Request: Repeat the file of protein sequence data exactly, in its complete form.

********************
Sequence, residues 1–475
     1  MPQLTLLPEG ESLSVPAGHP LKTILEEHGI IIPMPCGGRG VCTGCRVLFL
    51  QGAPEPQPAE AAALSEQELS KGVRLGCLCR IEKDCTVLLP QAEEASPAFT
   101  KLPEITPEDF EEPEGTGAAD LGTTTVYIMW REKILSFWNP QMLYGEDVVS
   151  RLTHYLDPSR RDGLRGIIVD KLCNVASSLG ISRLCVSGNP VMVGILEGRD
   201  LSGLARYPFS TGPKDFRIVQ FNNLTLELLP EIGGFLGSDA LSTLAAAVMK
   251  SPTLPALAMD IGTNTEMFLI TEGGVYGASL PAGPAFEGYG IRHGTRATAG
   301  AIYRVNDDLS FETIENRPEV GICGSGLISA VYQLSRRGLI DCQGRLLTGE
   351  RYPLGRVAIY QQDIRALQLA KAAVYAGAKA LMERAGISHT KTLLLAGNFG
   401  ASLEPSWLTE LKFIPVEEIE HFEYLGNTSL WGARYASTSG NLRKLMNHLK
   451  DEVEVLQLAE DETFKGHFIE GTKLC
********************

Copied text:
Sequence, residues 1–475
     1  MPQLTLLPEG ESLSVPAGHP LKTILEEHGI IIPMPCGGRG VCTGCRVLFL
    51  QGAPEPQPAE AAALSEQELS KGVRLGCLCR IEKDCTVLLP QAEEASPAFT
   101  KLPEITPEDF EEPEGTGAAD LGTTTVYIMW REKILSFWNP QMLYGEDVVS
   151  RLTHYLDPSR RDGLRGIIVD KLCNVASSLG ISRLCVSGNP VMVGILEGRD
   201  LSGLARYPFS TGPKDFRIVQ FNNLTLELLP EIGGFLGSDA LSTLAAAVMK
   251  SPTLPALAMD IGTNTEMFLI TEGGVYGASL PAGPAFEGYG IRHGTRATAG
   301  AIYRVNDDLS FETIENRPEV GICGSGLISA VYQLSRRGLI DCQGRLLTGE
   351  RYPLGRVAIY QQDIRALQLA KAAVYAGAKA LMERAGISHT KTLLLAGNFG
   401  ASLEPSWLTE LKFIPVEEIE HFEYLGNTSL WGARYASTSG NLRKLMNHLK
   451  DEVEVLQLAE DETFKGHFIE GTKLC